Bringing Live Animals and Germplasm into the United States From Another Country (Import)

Last Modified: April 12, 2024

APHIS regulates the import of specific live animals and germplasm (semen, oocytes, embryos, and cloning tissue) into the United States to prevent the spread of animal diseases. These regulations apply to many species of animals, but not all. Read on to learn how to bring live animals and their germplasm into the United States and the species of animals APHIS regulates.

If you're looking for information about traveling with a pet, visit Pet Travel.

Note: For import purposes, livestock (including cows, goats, potbellied pigs, and other species) and poultry (including chickens) are not considered pets. Refer to the live animal requirements below to bring any livestock or poultry into the United States.

Live Animal and Germplasm Imports

An import is a shipment that originates in a foreign country or territory and is shipped to the United States as the final destination. Import requirements for live animals vary by species but may include an import permit, health certificate, import inspection, quarantine, and in some cases, a contingency plan. Some aspects of the import process require payment for services rendered.

Regulated animal semen, embryos, oocytes, and cloning tissue can be imported into the United States only from the region where it was collected. Any regulated germplasm shipments need to be routed directly to the United States with no stops except those designated on the import permit.

An importer is someone who brings live animals into the United States from another country for trade. It is the importer's responsibility to:

Shipments From Another Country Moving Through the United States to a Third Country (Import Transits)

U.S. import transits are foreign-origin shipments that move through one or more U.S. ports on their way to a third-country destination.

Notice Regarding APHIS Live Animal Import and Third-Country Import Transit Permits

  • Any regulated live animals and their germplasm transiting the United States must be routed directly with no stops except those designated on the import permit.
  • All third-country import transit shipments require a written contingency plan. You must submit this plan with the permit application (VS 17-129) via APHIS eFile system or to The importer is also responsible for submitting the contingency plan to the port of entry with the service request.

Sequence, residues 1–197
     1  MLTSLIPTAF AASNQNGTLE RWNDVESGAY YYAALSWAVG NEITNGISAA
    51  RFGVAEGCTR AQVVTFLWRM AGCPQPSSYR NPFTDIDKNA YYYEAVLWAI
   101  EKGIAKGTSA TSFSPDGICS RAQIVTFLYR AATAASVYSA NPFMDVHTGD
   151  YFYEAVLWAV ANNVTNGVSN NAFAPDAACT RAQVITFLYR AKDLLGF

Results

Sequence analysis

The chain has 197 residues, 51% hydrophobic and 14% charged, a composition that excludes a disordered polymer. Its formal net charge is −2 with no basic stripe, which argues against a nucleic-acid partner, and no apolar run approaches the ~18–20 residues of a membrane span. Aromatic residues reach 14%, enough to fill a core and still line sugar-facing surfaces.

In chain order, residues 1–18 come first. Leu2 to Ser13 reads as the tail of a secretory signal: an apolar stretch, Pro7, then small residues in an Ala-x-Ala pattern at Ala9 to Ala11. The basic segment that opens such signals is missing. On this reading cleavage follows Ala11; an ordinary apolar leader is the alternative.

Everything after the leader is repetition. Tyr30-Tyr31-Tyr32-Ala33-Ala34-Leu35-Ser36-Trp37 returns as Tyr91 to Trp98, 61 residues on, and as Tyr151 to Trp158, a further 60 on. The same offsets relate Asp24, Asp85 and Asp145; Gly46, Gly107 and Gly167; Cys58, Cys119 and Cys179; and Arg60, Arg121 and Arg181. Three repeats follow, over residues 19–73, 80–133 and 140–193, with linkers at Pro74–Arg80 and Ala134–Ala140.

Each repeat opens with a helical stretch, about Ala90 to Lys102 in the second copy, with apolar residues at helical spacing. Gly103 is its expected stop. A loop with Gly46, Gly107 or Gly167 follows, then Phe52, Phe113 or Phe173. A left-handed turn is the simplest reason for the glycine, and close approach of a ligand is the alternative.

Import and Transit Requirements by Species for Live Animals and Germplasm

If the animal species or commodity you want to import is not listed below, it may not fall under APHIS Veterinary Services (VS) regulations, and you may not need a VS permit. For example, canine semen imported for breeding purposes does not need a VS permit. To learn more, visit Importing Nonregulated Germplasm for Breeding Purposes.

However, you may still need a permit from another Federal agency like the U.S. Fish and Wildlife Service, the U.S. Food and Drug Administration, or the Centers for Disease Control and Prevention.

Need Help?

Live Animal Import Permit Team

Contact APHIS' Live Animal Import Permit team if you have questions before you apply for a permit.

For questions about import permits or permit applications:

Live Animal Import Permit Team

APHIS Port Services

For questions about import inspections at a port of entry, quarantine of animals arriving from a foreign country, or requesting approval as a private animal import quarantine facility, contact APHIS Port Services.

Live Animal Import and Export

Contact APHIS' Live Animal Import and Export team for questions about current trade restrictions, or other questions not related to permits.

For general questions related to the import of a live animal:

Live Animal Import and Export